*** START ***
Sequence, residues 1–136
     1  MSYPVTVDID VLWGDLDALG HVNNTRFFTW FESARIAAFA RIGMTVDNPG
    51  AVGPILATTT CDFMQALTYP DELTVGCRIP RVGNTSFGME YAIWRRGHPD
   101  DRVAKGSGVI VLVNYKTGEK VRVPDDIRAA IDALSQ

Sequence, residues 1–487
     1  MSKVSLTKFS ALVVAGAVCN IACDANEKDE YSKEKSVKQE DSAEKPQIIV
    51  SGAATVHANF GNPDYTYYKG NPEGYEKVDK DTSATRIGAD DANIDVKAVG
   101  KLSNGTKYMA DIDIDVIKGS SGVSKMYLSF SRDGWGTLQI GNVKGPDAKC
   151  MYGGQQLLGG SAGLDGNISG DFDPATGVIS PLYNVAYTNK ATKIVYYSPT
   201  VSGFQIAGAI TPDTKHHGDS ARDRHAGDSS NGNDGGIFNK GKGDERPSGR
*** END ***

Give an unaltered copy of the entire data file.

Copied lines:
Sequence, residues 1–136
     1  MSYPVTVDID VLWGDLDALG HVNNTRFFTW FESARIAAFA RIGMTVDNPG
    51  AVGPILATTT CDFMQALTYP DELTVGCRIP RVGNTSFGME YAIWRRGHPD
   101  DRVAKGSGVI VLVNYKTGEK VRVPDDIRAA IDALSQ

Sequence, residues 1–487
     1  MSKVSLTKFS ALVVAGAVCN IACDANEKDE YSKEKSVKQE DSAEKPQIIV
    51  SGAATVHANF GNPDYTYYKG NPEGYEKVDK DTSATRIGAD DANIDVKAVG
   101  KLSNGTKYMA DIDIDVIKGS SGVSKMYLSF SRDGWGTLQI GNVKGPDAKC
   151  MYGGQQLLGG SAGLDGNISG DFDPATGVIS PLYNVAYTNK ATKIVYYSPT
   201  VSGFQIAGAI TPDTKHHGDS ARDRHAGDSS NGNDGGIFNK GKGDERPSGR